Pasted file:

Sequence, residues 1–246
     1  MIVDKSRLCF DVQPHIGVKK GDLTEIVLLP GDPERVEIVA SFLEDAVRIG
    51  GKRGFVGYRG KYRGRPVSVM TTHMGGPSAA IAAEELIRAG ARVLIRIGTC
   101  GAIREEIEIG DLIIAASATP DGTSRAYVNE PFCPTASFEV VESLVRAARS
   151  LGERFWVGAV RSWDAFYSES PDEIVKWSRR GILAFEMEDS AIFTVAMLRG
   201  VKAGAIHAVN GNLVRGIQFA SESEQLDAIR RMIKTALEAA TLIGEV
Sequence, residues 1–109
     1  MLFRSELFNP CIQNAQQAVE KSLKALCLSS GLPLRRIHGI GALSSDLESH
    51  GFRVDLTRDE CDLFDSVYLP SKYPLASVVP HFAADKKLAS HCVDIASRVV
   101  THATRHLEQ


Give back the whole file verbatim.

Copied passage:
Sequence, residues 1–246
     1  MIVDKSRLCF DVQPHIGVKK GDLTEIVLLP GDPERVEIVA SFLEDAVRIG
    51  GKRGFVGYRG KYRGRPVSVM TTHMGGPSAA IAAEELIRAG ARVLIRIGTC
   101  GAIREEIEIG DLIIAASATP DGTSRAYVNE PFCPTASFEV VESLVRAARS
   151  LGERFWVGAV RSWDAFYSES PDEIVKWSRR GILAFEMEDS AIFTVAMLRG
   201  VKAGAIHAVN GNLVRGIQFA SESEQLDAIR RMIKTALEAA TLIGEV
Sequence, residues 1–109
     1  MLFRSELFNP CIQNAQQAVE KSLKALCLSS GLPLRRIHGI GALSSDLESH
    51  GFRVDLTRDE CDLFDSVYLP SKYPLASVVP HFAADKKLAS HCVDIASRVV
   101  THATRHLEQ